Skip navigation to main content. U.S. Department of Energy's Solar Decathlon | Powered by the Sun

Click photo to view high-resolution image.

Photo of a girl kneeling down to make a small repair on a railing.

The courtyard of the Cornell house gets some sprucing up from one of the decathletes.

Photo of a house without a roof. There are stacks of trusses along the side of the house.

The Wisconsin-Milwaukee house sits topless while the decathletes wait for the rest of their house to arrive.

Photo of a house under construction. Workers are standing inside a portion of the house that is without a wall. Another is on a ladder inspecting the roof.

With the help of a crane, the Minnesota team secures a section of its roof. The Icon House finally arrived today at mid-day today.

Solar Decathlon 2009

Daily Journal - October 2, 2009

Minnesota House Arrives and the Teams Forge Ahead

The Minnesota house has finally arrived! Earlier today, I was walking across Independence Avenue to give a briefing to our Under Secretary of Energy when I heard police sirens. Several police cars with flashing lights were headed my way, and someone on a loud speaker was telling all the cars to move aside. I thought President Obama or some other VIP was headed to the Capitol. But no—they were clearing the way for the Minnesota house!

An oversized truck with two sections of the house rumbled by with three police escorts clearing a path. Also in that convoy was a truck with the last roof section of Wisconsin-Milwaukee's house. This truck was delayed because it couldn't fit under a bridge. Thanks to the District police for the escorts—they certainly have our appreciation. With the arrival of these trucks, our Solar Decathlon family is complete.

Today is another day of intense activity here on the Mall. Most teams, if not all, have two sets of crew members working 12-hour shifts in an around-the-clock push to get their houses ready for the various inspections that began today. I'm impressed with the progress this early in the assembly phase. It's amazing to see the work that has been accomplished in just a day and a half. The teams seem to be ahead of past Solar Decathlon participants in getting organized and getting things done. With the addition of the gateway arches and event signage installed this morning, the solar village is really taking shape.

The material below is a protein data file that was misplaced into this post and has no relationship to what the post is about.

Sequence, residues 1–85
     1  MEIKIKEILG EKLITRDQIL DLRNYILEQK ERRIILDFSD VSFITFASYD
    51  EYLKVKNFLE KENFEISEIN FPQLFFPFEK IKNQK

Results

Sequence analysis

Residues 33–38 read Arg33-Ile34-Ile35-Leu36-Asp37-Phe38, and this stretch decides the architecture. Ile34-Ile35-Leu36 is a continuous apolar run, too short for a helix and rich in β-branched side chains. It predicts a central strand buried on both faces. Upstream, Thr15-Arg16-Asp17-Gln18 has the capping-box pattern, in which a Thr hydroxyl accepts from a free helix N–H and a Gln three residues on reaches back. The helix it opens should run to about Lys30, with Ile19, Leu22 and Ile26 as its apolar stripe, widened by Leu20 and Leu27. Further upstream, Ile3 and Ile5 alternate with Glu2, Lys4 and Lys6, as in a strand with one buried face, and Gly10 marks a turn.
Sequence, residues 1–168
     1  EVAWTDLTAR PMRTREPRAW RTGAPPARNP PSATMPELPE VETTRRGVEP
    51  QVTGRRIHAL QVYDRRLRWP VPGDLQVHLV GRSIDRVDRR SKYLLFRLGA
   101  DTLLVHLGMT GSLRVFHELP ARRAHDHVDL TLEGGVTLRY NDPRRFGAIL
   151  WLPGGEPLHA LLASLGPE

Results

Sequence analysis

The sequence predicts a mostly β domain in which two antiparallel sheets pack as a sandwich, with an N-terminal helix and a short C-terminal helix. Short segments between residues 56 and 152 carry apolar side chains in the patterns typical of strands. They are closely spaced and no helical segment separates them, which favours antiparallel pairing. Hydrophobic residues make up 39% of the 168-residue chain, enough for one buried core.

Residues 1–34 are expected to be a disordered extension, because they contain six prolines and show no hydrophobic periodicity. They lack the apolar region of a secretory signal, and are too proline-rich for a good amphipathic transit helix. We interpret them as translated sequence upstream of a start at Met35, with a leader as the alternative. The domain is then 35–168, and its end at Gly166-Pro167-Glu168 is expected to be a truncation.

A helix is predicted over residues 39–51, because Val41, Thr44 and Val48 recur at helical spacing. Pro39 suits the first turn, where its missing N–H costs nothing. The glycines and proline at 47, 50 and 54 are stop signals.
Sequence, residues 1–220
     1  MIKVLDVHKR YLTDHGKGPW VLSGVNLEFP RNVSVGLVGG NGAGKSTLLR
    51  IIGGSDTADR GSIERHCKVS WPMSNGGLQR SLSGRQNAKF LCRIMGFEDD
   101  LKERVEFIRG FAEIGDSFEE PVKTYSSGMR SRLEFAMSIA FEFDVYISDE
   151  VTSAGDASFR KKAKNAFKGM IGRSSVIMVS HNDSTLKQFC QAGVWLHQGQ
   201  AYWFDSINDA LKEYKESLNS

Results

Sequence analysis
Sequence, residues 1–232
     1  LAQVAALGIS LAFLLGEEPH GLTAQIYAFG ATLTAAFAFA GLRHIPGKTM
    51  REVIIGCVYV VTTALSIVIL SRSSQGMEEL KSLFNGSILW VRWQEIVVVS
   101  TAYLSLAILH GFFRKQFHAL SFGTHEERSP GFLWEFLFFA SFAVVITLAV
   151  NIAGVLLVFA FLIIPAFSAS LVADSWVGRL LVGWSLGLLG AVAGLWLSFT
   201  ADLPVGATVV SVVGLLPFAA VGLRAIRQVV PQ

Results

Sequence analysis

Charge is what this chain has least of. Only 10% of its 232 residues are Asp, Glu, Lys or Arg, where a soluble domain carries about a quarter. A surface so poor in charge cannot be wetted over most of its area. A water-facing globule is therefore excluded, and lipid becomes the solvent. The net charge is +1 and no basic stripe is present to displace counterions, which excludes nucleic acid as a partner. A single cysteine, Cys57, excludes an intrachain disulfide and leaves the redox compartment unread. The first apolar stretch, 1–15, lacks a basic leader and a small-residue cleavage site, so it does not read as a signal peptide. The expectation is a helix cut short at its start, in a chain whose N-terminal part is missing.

Some of the teams have gone to great lengths to "stage" their houses prior to the event, making assembly less daunting. Cornell, for example, had an interesting opportunity to debut its Silo House during the Great New York State Fair. This trial run gave them a chance to prepare for the competition well in advance of arrival here on the Mall. At the state fair, the team coordinated a ribbon-cutting and groundbreaking for Silo House and even received a visit from New York Governor David Paterson. This presented a great teaching moment for the team to educate fairgoers about sustainability and test out all the systems in the house before bringing it to D.C.

The Silo House was also designed for quick assembly. By 6 p.m. yesterday, it was more or less installed with its entrance ramp in place. Team Leader Bobby Harvey credits the team's organization and time-management skills to lessons learned from the 2007 Solar Decathlon. Today, the Cornell decathletes are working on a laundry list of tasks, including courtyard assembly, landscaping, interior details, and paint touch-ups. Installation of six solar thermal tubes for heating water is also under way.

Another team benefiting from past Solar Decathlon experience is Illinois. In 2007, the team designed a modular system for its house but found it was difficult to achieve airtightness. This time, it worked with a modular-home manufacturer on the design of a single-shell structure for a more efficient home that is easier to transport and set up.

Rice's ZEROW HOUSE is also in one solid piece. The team designed it this way to minimize construction work here on the Mall. Within hours, it had its house secured and could turn attention to interior setup, installation of decking panels, and attachment of the house's green wall, among other tasks.

The making of a Solar Decathlon village is fascinating to witness. We are all watching in wonder as the parts come together.